juvenile justice and at a time when many reform schools were being criticized
for their conditions. VisionQuest was arguably one of the first programs to
take delinquent youth out of detention centers and take them into the
wilderness. While in the wilderness, the youth would learn about themselves
as they were challenged both physically and mentally.
Since its inception, VisionQuest has grown to work in seven different
states and a wide variety of program types that deal with youth at various
levels within the juvenile justice system. VisionQuest offers a continuum of
services of varying degrees of restriction. There is community based with
youth living in their home. Those that need to be removed from the home,
residential programs that is located in the community to wilderness programs
far removed from the communities.
The philosophy of VisionQuest in dealing with youth is to provide
appropriate role models and parenting to help direct them into appropriate
roles within society and best described by their Mission Statement.
VisionQuest is an employee-owned national youth services organization that
adheres to the highest professional standards in providing innovation
intervention services to at risk youth and their families. We provide
extraordinary experiences and relationships that allow youth, families, and
staff to redefine and reach their highest potential. Kids are safe, valued, and
honored. Families are respected and supported. Staff are trained, supported,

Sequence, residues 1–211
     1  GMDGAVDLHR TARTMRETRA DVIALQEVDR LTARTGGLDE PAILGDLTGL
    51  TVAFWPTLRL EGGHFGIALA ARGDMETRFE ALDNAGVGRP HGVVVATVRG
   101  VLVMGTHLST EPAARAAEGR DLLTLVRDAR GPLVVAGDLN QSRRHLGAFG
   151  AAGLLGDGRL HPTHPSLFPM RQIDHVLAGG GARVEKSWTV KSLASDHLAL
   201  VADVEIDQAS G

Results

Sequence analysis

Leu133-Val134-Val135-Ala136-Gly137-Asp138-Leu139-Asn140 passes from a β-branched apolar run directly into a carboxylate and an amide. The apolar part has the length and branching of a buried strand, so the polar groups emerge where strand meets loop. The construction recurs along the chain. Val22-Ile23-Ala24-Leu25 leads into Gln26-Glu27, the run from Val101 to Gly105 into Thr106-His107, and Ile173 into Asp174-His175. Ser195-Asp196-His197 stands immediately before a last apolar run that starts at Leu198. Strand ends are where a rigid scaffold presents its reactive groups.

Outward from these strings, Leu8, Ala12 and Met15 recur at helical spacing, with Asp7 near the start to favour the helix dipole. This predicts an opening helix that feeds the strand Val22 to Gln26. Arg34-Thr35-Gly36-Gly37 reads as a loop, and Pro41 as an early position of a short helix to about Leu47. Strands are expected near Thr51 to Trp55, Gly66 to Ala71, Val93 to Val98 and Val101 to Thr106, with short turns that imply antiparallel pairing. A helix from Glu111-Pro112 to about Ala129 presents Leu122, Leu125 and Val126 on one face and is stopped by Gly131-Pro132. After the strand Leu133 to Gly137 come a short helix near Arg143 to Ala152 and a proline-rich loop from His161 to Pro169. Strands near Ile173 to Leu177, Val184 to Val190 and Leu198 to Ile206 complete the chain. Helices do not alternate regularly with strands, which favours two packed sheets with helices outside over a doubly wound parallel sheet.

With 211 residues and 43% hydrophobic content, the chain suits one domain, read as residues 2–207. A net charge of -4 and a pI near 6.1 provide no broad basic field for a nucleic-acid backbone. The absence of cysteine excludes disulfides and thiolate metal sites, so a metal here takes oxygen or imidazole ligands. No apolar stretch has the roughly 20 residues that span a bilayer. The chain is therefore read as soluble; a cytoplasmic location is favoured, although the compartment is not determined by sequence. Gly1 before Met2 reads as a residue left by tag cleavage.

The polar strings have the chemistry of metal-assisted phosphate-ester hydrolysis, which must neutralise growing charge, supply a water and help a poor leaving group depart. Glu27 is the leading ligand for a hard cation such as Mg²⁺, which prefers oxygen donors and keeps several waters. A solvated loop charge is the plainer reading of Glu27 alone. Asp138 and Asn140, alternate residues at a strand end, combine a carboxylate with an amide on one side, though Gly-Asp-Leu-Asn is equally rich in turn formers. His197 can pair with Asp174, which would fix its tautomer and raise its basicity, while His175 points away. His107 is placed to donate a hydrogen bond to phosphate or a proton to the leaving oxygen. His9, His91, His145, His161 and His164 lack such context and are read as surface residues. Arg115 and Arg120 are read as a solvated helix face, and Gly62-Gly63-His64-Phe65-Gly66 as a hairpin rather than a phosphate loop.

and appreciated. Communities are protected impacted and involved
(www.vq.com). It is by this mission statement that VisionQuest operates when
dealing with youth and families.
The name VisionQuest derives from the Plains Indians. The term
vision quest was the rite of passage into adulthood. The conditions of a vision
quest differed among tribes but the commonalities usually consisted of the
youth taking a journey alone and required deprivation, meditation, and at
times a specific task to complete. The length of time lasted until the youth
completed the task and had a vision one that would direct their life. The youth
returned to the elders and told them of the journey and vision. Upon
completing the quest, the youth was seen as an adult.
Using this same concept Bob Burton founded his company,
VisionQuest, in order to help adolescents deal with the trial of growing into
adulthood. It is common knowledge throughout the academic world that the
period of adolescence is one filled with turmoil and has become a longer
period lasting almost into the early twenties. VisionQuest was founded in
1973 as an alternative to locking up troubled youth. Bob Burton along with
Steve Rodgers, co-founder of VisionQuest, sought a solution to locking youth
up in detention centers.
The concept was that if youth were taken out of detention and taught
to deal with some of their feelings that they would make different choices. It
was believed by the founders of VisionQuest that detention centers failed to
teach youth anything and in some cases made them angrier and gave no
coping skills. Through time, the stage of adolescence has increased and the
transition to adulthood has become more blurred. Particularly of concern were